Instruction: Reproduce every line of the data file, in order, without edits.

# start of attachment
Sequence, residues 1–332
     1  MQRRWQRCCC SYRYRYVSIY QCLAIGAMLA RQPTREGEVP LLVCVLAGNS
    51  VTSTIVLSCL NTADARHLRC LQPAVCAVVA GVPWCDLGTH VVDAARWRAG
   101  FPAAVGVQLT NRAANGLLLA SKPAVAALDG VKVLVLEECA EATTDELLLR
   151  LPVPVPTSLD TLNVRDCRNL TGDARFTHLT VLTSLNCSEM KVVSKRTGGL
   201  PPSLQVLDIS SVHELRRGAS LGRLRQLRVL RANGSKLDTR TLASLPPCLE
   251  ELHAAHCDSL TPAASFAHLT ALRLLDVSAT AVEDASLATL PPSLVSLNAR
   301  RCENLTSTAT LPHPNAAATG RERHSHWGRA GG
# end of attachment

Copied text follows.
Sequence, residues 1–332
     1  MQRRWQRCCC SYRYRYVSIY QCLAIGAMLA RQPTREGEVP LLVCVLAGNS
    51  VTSTIVLSCL NTADARHLRC LQPAVCAVVA GVPWCDLGTH VVDAARWRAG
   101  FPAAVGVQLT NRAANGLLLA SKPAVAALDG VKVLVLEECA EATTDELLLR
   151  LPVPVPTSLD TLNVRDCRNL TGDARFTHLT VLTSLNCSEM KVVSKRTGGL
   201  PPSLQVLDIS SVHELRRGAS LGRLRQLRVL RANGSKLDTR TLASLPPCLE
   251  ELHAAHCDSL TPAASFAHLT ALRLLDVSAT AVEDASLATL PPSLVSLNAR
   301  RCENLTSTAT LPHPNAAATG RERHSHWGRA GG